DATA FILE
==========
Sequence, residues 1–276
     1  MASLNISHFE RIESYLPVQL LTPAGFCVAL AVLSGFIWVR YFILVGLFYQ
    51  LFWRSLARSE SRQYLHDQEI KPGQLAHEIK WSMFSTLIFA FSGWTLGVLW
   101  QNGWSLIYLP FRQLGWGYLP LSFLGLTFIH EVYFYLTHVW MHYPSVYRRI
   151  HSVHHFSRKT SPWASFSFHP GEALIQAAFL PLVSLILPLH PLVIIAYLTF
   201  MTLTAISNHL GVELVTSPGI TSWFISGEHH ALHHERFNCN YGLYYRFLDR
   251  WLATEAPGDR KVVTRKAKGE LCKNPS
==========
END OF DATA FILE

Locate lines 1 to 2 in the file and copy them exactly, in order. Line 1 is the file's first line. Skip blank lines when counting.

Sequence, residues 1–276
     1  MASLNISHFE RIESYLPVQL LTPAGFCVAL AVLSGFIWVR YFILVGLFYQ